Why Do I Need A Coach?

There are so many ways we self-sabotage ourselves from partnering with a coach. It could be for any number of reasons however I often find that the main reason is that we do not understand the role of a coach and how a coach can help to enrich our lives. The following are just a few things we say to ourselves to talk ourselves out of progress:

1.   I am fully aware of what I need to get done I’m only procrastinating.

2.   I am a high functioning executive who has challenges with organization why do I need help from someone to tell me how to organize?  You are probably thinking: “I am a leader in this organization, this is a non-issue.”

3.   The things that I need assistance with too small to get a coach involved. I should be able to figure it out on my own.

4.   I am in a rut. It will pass it always does.

5.   Asking for help is a weakness. I am the person people seek out for help. What would this look like to others?

Here is my question: If you are so smart, why are you still buffering in the same space? A coach helps stretch those boundaries. If boundaries need setting, then a coach helps with that as well. Coaches believe we are all whole, creative and resourceful and that we know ourselves better than anyone else.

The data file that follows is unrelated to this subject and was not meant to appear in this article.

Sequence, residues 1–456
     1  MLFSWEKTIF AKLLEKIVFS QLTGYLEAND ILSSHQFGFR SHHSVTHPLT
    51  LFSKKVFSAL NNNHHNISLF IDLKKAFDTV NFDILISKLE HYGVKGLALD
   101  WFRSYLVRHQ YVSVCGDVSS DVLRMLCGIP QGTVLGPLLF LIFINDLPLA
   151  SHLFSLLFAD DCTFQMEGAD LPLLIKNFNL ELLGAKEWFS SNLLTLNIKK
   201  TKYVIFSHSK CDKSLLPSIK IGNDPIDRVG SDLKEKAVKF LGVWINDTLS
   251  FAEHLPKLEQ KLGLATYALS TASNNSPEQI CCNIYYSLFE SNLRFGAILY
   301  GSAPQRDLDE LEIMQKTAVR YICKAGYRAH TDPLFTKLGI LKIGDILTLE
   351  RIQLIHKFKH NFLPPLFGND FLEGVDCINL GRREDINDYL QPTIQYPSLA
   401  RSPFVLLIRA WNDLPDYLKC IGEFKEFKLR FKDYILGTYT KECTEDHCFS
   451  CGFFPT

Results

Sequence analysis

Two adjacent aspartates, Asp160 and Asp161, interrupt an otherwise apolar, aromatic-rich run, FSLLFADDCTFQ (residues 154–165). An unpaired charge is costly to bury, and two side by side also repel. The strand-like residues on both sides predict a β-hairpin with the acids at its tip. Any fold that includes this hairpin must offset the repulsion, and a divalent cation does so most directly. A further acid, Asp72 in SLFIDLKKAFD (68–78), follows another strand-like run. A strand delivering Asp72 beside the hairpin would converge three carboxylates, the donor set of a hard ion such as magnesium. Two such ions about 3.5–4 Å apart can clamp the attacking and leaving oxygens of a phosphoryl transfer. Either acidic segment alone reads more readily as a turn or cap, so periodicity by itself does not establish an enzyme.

Coaches have a myriad of tools that help to usher and create change. Change is something we sometimes cannot do on our own.  Think about it; we seek personal trainers when we want to become physically conditioned; we find nutritionist when we want to make a conscious change in our diets.

Who do we seek when we need to be inspired and want to expound on our personal and professional potential? A coach! A coach helps to stretch our comfort zones; they assist and explore the reasons for the inability to ask for help, or the failure to delegate appropriately. Time management, disciplinary sessions, etc. whether it is personal or professional a coach can be a great asset to anyone’s life.

One of the best things you need a coach for is summed up in one-word accountability. While we seem not to have issues holding others accountable, holding ourselves accountable is a different situation.